Sensitivity of LISEM predicted catchment discharge to initial soil moisture content of soil profile

V. Sheikh, E. van Loon, R. Hessel, V.G. Jetten

Research output: Contribution to journalArticleAcademicpeer-review

20 Citations (Scopus)

Abstract

This study conducts a broad sensitivity analysis, taking into account the influence of initial soil moisture content in two soil layers, layer depths, event properties, and two infiltration models. A distributed hydrology and soil erosion model (LISEM) is used. Using the terrain data from the Catsop research catchment and two different rainfall events, the sensitivity of discharge is investigated for a range of pre-event soil moisture contents (0.1-0.40 cm(3) cm(-3)) in two-layers for a two-layer Green-Ampt as well as Richards infiltration model. The sensitivity of the predicted discharge to the initial condition of soil moisture appears to depend highly on all factors: infiltration model, event properties, topsoil/subsoil depth configuration and the level of the initial condition itself. There are interaction effects between all the factors. However, the effect of the different infiltration models is most pronounced. The Green-Ampt model shows less sensitivity to moisture content variation of both top and subsoil. Top/subsoil depth configuration rarely influences the results of the Green-Ampt model. The Richards model shows a highly variable discharge - initial soil moisture relation with changing rainfall intensity and topsoil/subsoil depth configurations. Two methods of sensitivity analysis, relative sensitivity and One factor-At-a Time sensitivity, have been used. The two methods gave comparable results. Depending on the other parameter values, 1% changes in topsoil moisture content resulted into 0.8-1.81% and 0.03-3.5% changes in total discharge predicted by the Green-Ampt and Richards models, respectively.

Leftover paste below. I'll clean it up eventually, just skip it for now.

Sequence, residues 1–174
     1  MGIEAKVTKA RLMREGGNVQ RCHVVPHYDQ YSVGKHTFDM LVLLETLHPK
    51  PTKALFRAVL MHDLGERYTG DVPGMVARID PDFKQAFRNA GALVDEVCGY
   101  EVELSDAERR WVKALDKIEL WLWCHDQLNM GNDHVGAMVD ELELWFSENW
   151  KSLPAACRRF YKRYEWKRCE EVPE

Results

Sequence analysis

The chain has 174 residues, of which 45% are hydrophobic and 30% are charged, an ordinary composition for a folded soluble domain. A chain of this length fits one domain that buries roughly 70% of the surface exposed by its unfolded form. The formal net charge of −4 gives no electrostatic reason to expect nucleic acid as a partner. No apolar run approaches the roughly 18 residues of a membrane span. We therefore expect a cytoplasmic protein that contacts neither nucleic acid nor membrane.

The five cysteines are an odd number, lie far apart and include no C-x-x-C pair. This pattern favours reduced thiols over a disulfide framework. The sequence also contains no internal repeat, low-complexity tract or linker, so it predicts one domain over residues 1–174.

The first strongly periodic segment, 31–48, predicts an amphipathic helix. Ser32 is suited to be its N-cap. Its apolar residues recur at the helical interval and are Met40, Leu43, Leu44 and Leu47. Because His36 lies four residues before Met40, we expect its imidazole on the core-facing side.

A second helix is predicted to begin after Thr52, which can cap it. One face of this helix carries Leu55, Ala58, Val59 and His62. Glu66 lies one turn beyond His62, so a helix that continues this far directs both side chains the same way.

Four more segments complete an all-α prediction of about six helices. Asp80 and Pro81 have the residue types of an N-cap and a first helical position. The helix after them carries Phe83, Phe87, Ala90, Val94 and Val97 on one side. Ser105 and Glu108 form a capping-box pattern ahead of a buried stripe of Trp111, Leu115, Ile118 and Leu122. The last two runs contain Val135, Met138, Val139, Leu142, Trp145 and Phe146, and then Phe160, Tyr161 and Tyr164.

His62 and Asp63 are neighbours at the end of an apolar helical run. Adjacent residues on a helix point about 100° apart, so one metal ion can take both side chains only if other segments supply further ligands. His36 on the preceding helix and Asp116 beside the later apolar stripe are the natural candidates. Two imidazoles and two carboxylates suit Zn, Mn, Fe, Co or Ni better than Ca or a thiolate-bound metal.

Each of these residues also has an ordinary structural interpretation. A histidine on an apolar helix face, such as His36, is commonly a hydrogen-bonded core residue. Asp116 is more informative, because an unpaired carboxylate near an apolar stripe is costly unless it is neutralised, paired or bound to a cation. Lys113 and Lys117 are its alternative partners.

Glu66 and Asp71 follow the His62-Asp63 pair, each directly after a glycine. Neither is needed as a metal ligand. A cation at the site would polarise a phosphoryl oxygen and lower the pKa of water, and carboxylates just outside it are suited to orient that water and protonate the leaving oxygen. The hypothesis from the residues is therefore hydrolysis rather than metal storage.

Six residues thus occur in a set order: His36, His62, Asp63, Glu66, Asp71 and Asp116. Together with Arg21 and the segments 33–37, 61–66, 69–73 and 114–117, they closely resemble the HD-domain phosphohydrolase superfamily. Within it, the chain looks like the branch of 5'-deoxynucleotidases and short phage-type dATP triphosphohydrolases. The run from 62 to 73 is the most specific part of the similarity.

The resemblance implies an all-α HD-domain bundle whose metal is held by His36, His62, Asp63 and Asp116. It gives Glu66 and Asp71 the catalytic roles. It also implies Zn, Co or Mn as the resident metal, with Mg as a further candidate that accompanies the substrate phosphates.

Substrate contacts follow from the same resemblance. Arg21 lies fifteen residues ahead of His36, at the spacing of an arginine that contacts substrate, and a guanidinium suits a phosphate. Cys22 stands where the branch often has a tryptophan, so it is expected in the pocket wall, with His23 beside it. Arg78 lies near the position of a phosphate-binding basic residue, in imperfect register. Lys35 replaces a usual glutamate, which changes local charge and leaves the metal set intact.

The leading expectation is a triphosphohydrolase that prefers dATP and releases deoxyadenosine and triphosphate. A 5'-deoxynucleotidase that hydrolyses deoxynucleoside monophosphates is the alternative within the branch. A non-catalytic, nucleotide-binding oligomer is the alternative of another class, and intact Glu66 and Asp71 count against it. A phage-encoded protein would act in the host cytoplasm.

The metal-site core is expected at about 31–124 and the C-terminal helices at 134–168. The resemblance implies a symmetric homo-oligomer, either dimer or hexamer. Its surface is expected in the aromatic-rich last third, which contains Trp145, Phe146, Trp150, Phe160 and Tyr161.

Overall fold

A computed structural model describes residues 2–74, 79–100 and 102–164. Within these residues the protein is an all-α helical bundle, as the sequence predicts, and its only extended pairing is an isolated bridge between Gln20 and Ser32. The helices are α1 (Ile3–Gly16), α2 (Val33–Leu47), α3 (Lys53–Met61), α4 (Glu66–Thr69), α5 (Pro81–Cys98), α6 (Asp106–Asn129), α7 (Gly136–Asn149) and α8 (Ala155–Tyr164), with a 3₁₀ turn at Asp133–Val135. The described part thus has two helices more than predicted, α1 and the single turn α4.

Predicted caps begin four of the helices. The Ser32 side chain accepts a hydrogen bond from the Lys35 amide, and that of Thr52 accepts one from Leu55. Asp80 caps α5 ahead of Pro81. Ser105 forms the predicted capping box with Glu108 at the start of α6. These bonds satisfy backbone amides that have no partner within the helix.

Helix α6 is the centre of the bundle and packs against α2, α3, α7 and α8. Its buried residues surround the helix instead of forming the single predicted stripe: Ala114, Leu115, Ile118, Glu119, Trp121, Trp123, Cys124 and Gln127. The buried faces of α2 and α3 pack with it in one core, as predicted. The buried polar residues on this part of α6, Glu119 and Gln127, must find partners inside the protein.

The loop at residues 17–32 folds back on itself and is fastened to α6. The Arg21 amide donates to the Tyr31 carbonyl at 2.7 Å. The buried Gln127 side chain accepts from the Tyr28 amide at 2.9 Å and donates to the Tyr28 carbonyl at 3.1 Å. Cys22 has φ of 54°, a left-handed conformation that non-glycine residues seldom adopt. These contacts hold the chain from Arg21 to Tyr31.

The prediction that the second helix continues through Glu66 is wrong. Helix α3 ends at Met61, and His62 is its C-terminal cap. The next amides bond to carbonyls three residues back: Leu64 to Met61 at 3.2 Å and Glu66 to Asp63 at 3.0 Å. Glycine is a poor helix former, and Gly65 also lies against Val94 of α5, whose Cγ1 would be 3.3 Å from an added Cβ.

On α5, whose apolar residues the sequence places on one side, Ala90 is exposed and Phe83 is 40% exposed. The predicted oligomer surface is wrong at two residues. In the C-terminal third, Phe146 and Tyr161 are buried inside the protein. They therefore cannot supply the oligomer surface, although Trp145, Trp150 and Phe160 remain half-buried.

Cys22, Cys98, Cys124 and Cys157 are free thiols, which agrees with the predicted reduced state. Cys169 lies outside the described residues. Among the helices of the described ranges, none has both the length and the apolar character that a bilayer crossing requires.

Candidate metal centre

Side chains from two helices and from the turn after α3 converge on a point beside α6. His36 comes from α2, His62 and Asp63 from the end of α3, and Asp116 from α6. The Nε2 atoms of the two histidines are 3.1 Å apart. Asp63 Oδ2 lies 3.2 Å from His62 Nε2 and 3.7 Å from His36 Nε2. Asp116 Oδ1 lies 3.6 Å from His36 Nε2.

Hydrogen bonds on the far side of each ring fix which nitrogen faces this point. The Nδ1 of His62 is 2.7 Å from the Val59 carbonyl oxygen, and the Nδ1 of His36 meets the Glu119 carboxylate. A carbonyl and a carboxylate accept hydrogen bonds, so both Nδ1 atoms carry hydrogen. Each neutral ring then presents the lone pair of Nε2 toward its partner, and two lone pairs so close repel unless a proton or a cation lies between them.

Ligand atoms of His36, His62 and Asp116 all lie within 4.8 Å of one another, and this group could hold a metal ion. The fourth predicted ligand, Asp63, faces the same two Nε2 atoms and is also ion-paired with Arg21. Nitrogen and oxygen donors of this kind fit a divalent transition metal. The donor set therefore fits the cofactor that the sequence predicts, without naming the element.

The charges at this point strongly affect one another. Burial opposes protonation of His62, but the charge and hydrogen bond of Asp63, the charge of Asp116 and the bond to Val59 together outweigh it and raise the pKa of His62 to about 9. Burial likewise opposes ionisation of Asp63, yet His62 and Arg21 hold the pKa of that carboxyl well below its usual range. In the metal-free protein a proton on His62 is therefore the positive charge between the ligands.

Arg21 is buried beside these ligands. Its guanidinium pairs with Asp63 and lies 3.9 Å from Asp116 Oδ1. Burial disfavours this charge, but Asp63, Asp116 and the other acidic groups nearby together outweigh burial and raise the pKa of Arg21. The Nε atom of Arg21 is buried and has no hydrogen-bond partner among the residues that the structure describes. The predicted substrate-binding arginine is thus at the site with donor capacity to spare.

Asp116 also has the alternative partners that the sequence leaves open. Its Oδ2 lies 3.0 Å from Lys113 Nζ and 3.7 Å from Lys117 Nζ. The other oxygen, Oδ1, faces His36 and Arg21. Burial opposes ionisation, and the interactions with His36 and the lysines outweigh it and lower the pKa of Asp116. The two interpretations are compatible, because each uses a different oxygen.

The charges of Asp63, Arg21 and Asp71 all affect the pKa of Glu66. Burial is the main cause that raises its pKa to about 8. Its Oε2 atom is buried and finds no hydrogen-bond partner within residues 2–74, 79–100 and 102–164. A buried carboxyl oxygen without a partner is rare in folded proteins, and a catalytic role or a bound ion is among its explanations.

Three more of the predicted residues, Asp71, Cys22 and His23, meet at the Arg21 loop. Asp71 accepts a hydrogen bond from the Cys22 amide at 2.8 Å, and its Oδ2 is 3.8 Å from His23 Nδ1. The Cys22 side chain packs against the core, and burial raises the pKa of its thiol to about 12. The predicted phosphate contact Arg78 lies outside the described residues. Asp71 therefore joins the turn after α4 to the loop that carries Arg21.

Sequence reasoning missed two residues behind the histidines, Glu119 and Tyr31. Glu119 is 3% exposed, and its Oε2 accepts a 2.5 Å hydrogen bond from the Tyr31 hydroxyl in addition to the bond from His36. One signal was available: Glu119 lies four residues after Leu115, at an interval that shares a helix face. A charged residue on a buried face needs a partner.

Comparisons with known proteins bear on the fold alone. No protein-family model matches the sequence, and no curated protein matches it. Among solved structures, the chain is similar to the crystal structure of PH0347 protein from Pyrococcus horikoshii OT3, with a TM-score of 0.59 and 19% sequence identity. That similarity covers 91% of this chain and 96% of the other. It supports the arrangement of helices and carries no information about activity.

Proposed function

Original languageEnglish
Pages (from-to)174-185
JournalJournal of Hydrology
Volume393
Issue number3-4
DOIs
Publication statusPublished - 2010

Keywords

  • spatial variability
  • sequential assimilation
  • surface evaporation
  • runoff generation
  • model
  • parameters
  • simulation
  • schemes
  • scale
  • uncertainty

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